Thursday, November 23, 2017
Gang Injunctions: Political Exercises in Futility?
By Larry Aubry (Columnist)
Published February 19, 2009

The proliferation of gang injunctions is as problematic it is enticing. The injunctions are not sufficiently linked to broader, long term implications; many consider them politically driven, shortsighted and needlessly suppressive. Think about it. Do gang injunctions really reduce violence or simply move gangs underground and/or to other less cop-saturated areas.

The following definitions and a snapshot of current gang suppression efforts, i.e. gang injunctions, are intended to increase public understanding of this important issue. (The definitions are embraced by law enforcement throughout California.)

"Criminal Street Gang"–Defined as an organization, association or group of three or more persons, whether formal or informal, which (1) has continuity of purpose, (2) seeks a group identity, and (3) has members who individually or collectively engage in, or have engaged in, a pattern of criminal activity.

"Gang Related Crime"–A crime is gang-related if the suspect, or the victim, is a known member of a gang, or there is reliable information indicating that a gang member committed the offense.

"Gang Member"–Defined as anyone who (1) actively participates in any gang with knowledge that its members engage in, or have engaged in, a pattern of criminal gang activity; and who (2) willfully promotes, furthers, or assists in any felonious criminal conduct by members of the gang.

An individual is identified as a gang member based on certain criteria, including the following: Admits gang membership or association; is observed to associate on a regular basis with known gang members; has tattoos indicating gang membership; wears gang clothing, symbols, etc., to identify with a specific gang; is in a photograph with known gang members and/or uses gang-related hand guns; name on a gang document, hit list or gang-related graffiti.

A gang injunction in Los Angeles involves the City Attorney office, with approval from a judge, issuing a restraining order against specific gang members of a particular gang. With information gathered from the police and public, a judge can grant a restraining order against identified members of a gang, in essence, suing them.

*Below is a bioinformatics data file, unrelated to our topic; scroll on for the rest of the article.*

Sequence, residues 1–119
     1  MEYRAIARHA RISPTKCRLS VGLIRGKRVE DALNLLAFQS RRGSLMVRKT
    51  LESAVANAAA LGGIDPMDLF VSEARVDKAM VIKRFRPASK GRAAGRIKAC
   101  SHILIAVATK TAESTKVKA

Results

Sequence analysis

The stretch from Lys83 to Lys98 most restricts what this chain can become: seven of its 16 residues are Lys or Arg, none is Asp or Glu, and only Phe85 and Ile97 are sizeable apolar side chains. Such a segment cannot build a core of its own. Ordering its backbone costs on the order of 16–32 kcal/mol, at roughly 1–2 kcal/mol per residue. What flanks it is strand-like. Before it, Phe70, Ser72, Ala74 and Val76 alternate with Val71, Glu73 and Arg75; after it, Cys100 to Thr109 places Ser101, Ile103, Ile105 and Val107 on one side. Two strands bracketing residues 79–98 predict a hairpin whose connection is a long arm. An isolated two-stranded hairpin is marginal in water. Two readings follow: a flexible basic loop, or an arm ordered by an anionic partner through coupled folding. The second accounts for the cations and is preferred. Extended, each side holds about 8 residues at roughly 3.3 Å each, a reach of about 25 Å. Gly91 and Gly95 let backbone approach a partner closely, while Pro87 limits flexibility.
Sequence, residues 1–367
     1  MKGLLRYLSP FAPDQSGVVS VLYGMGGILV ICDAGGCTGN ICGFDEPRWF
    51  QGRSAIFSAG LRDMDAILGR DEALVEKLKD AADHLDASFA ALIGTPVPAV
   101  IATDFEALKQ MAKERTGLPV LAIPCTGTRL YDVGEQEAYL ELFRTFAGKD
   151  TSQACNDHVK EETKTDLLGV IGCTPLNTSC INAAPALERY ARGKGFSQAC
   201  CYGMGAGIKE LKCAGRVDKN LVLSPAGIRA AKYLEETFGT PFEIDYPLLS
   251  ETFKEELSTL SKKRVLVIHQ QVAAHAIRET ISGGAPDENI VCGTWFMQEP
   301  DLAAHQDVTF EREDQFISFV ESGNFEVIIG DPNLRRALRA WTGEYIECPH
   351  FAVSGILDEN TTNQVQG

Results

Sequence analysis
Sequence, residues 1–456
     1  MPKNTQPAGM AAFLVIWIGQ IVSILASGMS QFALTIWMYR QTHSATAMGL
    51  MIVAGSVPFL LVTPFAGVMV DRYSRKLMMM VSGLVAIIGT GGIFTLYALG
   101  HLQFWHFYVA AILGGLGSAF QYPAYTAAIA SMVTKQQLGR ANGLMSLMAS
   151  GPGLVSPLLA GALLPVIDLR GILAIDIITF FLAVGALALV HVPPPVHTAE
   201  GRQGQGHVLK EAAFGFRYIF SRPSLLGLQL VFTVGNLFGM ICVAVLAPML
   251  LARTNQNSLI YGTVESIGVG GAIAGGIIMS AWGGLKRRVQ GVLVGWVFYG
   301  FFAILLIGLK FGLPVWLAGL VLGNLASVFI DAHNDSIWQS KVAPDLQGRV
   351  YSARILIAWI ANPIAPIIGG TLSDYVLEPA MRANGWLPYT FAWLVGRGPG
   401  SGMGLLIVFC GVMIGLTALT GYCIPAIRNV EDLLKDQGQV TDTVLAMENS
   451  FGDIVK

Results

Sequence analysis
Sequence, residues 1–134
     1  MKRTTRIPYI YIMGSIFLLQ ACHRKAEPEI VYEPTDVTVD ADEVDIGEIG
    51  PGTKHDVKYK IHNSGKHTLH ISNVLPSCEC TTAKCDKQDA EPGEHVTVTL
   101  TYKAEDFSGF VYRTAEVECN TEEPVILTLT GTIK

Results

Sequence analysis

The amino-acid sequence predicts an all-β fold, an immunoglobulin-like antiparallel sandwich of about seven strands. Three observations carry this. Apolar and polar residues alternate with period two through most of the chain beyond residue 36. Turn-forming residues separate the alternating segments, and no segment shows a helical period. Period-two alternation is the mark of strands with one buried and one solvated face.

Most injunctions forbid named gang members to engage in a number of activities, some of which are illegal. Others include congregating in groups, curfew, possessing a pager or cellular phone, even riding bicycles.

Los Angeles first experimented with gang injunctions in the early 1980s in Pomona, West Covina and East Los Angeles. However, the injunction against the Playboy Gangster Crips in 1987 was the first civil abatement strategy. Los Angeles County injunctions have served as models for other cities.

There are several gang injunctions now in effect in LA County, including one by the City Attorney's Gang Unit against 18th Street in Pico-Union, two focusing on public housing sites-Nickerson Gardens and the Jungle. As is the case with 18th Street, injunctions are more often placed in areas surrounded by middle-class communities, or facing intense gentrification with intense political pressure. Since the mid-80's, there have been approximately 40 thirty additional injunctions throughout Los Angeles. (A recent injunction involves six gangs in different parts of the city.)

Anti-gang laws often result in "gang enhancement," which significantly increases penalties imposed for a "gang-related" offense. Gang enhancement laws can impose sentences which far exceed criminal law penalties for the same offense. In California, youth can face a life sentence in an adult prison for a residential robbery if it is deemed to have been "gang related."

Presumptions about gang affiliation also have severe consequences under the state's "Three Strikes" law intended for adults. Proposition 21 made any felony committed "on behalf of a gang" a strike. New "juvenile strikes" include offenses such as unarmed robbery and several which count as adult strikes. Gang affiliation is also a basis for transferring a youth to an adult court in some jurisdictions. Under California's Proposition 21, by merely alleging that an offense is "gang-related," prosecutors may have the power to file charges against a fourteen-year-old directly in adult court, without the generally required fitness hearing before a judge.

 A defense attorney intoned, "The enthusiastic affirmation of anti-gang injunctions by the courts adds momentum to the broad movement that advocates criminalizing non-criminal conduct if such conduct is engaged in by people out of favor-justifiably or not-with the social mainstream." Ultimately, primary responsibility for reducing gang violence rests with residents working with others, including the police, on strategic, sustainable solutions.

Larry Aubry can be contacted at e-mail

Categories: Larry Aubry

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